The guardians of a 13-year-old boy who suffered at the hands of bullies, culminating in a fatal attack that was videotaped on his middle school campus, reached a $27 million settlement with the Moreno Valley Unified School District stemming from a lawsuit filed over the youth's death, it was announced today.
"The family will forever be heartbroken by the death of Diego, but they hope this case brings about change in school districts across the country,'' plaintiffs' attorney Dave Ring said. "Schools need to realize that bullying can never be tolerated and that any complaints of bullying and assault must be taken seriously. Diego's death was preventable if this school had simply prioritized an anti-bullying policy."
MVUSD officials did not immediately respond to a request for comment but said that the district intended to release a statement sometime Wednesday afternoon.
Ring and his co-counsel, Neil Gehlawat, said that the $27 million due the plaintiffs represents the "largest bullying settlement in the United States."
"This lawsuit has put schools on notice to find ways to effectively deal with bullying and to enact real anti-bullying policies,'' Gehlawat said. "We believe real change will come, and there will be a renewed focus on anti-bullying programs across the nation."
The civil action was filed in Los Angeles County Superior Court in September 2020.
Diego Stolz was a student at Landmark Middle School, and was consistently bullied by two to four boys starting when he was in seventh grade. Ring could not cite the number of bullying incidents but said the mistreatment began with verbal insults and stealing Diego's belongings.
When the boy entered eighth grade in August 2019, the abuse escalated, Ring said. He had no explanation for the victimization, observing that at one point, the boys were on good terms with Diego.
He said Diego's aunt filed "multiple complaints" at Landmark in the 2018-19 academic year, as well as the first month of the 2019-20 school year, but her concerns fell on deaf ears.
The harassment came to a head on Sept. 12, 2019, when one of the boys cornered and punched Diego in the chest, threatening to inflict further physical harm, at which point the youth went to a science teacher and revealed what he had endured.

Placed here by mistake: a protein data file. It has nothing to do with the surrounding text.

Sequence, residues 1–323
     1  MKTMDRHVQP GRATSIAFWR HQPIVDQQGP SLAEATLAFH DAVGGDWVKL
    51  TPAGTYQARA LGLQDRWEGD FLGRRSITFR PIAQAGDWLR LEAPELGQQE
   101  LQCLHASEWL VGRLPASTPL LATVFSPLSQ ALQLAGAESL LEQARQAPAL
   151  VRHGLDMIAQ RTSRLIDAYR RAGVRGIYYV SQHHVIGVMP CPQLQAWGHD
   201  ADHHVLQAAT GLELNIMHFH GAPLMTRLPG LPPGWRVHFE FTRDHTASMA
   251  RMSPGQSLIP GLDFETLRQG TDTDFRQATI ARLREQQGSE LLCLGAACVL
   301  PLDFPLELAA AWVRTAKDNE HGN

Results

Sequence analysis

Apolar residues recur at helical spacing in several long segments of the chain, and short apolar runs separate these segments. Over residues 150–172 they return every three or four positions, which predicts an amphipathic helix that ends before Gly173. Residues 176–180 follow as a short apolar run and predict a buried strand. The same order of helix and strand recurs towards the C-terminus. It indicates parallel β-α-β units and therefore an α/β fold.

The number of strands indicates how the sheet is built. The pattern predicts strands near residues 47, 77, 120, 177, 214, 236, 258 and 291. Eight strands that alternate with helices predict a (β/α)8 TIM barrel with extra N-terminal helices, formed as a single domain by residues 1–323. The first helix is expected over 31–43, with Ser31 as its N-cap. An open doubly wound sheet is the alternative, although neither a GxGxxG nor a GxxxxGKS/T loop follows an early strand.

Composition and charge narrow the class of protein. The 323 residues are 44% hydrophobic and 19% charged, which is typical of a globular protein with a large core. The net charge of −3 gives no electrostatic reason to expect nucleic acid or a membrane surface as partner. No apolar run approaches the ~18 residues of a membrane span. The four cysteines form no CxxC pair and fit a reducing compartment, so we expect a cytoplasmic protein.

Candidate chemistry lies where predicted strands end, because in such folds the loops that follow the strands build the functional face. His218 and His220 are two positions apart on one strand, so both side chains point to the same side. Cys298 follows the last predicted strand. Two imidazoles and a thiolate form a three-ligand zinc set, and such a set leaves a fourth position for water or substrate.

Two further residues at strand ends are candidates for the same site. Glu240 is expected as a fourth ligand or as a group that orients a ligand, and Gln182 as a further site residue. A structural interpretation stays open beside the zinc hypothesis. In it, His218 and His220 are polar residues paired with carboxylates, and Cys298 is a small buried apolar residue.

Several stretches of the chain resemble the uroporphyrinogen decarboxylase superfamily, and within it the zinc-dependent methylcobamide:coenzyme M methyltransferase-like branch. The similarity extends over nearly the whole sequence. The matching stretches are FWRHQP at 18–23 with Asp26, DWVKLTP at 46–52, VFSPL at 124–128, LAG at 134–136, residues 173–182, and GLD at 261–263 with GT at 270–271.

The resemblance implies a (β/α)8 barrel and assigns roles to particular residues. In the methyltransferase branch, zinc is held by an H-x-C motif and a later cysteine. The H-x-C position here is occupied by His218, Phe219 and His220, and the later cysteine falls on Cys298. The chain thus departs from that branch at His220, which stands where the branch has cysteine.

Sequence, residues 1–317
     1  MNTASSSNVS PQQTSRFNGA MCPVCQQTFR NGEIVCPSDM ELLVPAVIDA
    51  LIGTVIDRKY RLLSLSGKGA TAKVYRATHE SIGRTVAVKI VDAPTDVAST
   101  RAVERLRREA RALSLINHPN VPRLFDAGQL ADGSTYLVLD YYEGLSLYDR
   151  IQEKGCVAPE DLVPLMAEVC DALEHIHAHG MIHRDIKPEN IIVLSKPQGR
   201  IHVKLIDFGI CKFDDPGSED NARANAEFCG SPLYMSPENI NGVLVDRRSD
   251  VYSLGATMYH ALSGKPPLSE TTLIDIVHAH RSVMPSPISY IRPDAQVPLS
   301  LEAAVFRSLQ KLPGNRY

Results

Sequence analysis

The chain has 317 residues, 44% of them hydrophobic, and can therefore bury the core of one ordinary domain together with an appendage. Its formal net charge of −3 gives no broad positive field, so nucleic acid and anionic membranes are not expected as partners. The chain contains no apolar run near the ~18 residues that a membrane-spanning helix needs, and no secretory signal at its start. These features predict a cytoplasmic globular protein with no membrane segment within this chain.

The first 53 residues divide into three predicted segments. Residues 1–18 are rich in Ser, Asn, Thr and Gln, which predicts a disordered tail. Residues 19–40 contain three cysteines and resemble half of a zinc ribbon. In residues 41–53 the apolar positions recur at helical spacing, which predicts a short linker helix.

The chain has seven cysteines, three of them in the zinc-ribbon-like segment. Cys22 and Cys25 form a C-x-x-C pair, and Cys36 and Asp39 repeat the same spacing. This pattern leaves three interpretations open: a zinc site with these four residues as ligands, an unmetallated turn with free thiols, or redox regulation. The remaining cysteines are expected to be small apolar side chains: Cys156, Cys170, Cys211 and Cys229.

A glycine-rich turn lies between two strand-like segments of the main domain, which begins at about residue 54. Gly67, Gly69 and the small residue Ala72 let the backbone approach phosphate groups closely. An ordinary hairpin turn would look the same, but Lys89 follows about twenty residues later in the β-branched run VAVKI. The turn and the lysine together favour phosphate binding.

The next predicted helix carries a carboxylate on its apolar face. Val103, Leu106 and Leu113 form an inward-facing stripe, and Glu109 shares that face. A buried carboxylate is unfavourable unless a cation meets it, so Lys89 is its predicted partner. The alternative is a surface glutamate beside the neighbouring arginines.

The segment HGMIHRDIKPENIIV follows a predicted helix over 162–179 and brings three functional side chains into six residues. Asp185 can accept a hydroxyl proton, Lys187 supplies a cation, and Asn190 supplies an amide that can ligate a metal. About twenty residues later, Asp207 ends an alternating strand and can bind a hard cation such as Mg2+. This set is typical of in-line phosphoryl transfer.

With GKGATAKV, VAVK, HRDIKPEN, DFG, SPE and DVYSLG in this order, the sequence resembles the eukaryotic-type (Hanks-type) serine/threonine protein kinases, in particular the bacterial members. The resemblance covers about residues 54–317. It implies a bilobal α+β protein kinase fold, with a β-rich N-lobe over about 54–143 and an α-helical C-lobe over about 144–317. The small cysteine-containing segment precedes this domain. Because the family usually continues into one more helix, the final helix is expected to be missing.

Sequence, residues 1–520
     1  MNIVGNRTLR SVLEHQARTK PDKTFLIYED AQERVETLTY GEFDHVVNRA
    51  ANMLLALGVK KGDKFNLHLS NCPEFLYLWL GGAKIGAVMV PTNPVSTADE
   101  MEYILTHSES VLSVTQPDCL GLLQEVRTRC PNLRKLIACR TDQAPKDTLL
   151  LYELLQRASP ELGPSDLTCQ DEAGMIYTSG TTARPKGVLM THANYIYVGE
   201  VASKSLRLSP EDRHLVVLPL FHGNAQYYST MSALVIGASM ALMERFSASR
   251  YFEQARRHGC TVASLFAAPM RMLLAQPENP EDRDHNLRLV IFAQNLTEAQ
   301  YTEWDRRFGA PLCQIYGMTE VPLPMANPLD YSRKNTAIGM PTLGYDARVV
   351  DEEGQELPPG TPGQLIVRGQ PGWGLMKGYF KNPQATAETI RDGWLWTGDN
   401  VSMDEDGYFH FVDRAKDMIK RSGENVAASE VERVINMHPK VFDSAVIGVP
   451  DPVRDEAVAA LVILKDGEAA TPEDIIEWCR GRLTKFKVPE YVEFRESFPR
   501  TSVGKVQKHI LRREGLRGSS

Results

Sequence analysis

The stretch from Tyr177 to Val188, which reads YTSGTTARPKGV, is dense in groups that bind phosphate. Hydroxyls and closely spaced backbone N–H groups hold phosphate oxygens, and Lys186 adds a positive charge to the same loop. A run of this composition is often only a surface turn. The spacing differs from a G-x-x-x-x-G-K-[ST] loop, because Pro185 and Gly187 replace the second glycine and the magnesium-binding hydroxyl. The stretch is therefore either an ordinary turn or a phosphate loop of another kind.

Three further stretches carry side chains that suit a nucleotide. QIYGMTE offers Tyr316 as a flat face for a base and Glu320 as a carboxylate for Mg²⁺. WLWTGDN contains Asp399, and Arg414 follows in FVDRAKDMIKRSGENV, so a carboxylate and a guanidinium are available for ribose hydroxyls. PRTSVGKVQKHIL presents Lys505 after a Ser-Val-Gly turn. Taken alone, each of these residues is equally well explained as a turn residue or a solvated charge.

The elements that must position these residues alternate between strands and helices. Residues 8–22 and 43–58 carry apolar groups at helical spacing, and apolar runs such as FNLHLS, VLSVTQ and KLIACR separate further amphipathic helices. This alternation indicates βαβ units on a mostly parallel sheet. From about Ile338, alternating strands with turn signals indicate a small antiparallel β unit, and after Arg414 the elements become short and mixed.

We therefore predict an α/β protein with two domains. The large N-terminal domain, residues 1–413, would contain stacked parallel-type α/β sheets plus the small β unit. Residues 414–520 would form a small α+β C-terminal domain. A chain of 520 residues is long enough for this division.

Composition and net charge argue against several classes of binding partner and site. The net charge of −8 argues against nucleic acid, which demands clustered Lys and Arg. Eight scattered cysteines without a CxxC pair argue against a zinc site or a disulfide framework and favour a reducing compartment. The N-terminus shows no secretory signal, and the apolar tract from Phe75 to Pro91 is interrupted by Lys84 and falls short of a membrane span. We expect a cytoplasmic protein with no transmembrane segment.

"This teacher saw his emotional state and knew there was something wrong, but there was nothing done,'' Ring said, pointing specifically to alleged inaction by the campus' then-vice principal, Kamilah O'Connor.
That afternoon, Diego told his aunt, Juana Salcedo, about the assault, and she asked her adult daughter, Jazmin Salcedo, to address the matter with administrators, according to Ring.
His court filing said that Salcedo, Diego and O'Connor met for 20 minutes, and "after the meeting, O'Connor told Jazmin that she had learned the names of the bullies involved and she would suspend them for three days, starting Monday, Sept. 16. She also said their class schedules would be changed so that they would not be in Diego's class anymore."
When the victim returned to school the following week, the two assailants who had hounded him the prior week caught him in front of a building during lunch recess.
Ring referred to widely circulated mobile phone video footage that showed one boy in Diego's face, while the victim stands limply, then backing up and punching him in the mouth. The second assailant then blindsided Diego with another punch, causing him to fall and strike his head on a concrete pillar.
He suffered major trauma and was pronounced brain dead and taken off life support nine days later.
In November 2020, the two assailants, whose identities were not disclosed, both admitted an involuntary manslaughter charge, and five months later, Riverside County Superior Court Judge Roger Luebs sentenced the teenagers to unspecified terms of probation.
Luebs further directed that each offender enroll in character development and anger management classes, as well as perform 150 hours community service, not play violent video games, avoid social media and write letters of apology to the Stolz family.
Within a year of Diego's death, the MVUSD revamped its policies regarding student complaints, implementing a program with a series of procedures for deterring all forms of bullying.
Felipe and Juana Salcedo, who raised Diego from when he was a toddler after both of his parents died, were initially denied legal standing to file suit against the school district because they were not the boy's natural parents, and there was no clear provision in state law for legal guardians to bring civil action under such circumstances.
Due to lobbying on the part of attorneys, the state Legislature in September 2020 enacted Assembly Bill 2445, enabling guardians to file a wrongful death suit when a minor is involved.
O'Connor, another assistant principal and the principal of Landmark all lost their positions in the wake of the lawsuit, according to the plaintiffs' attorneys.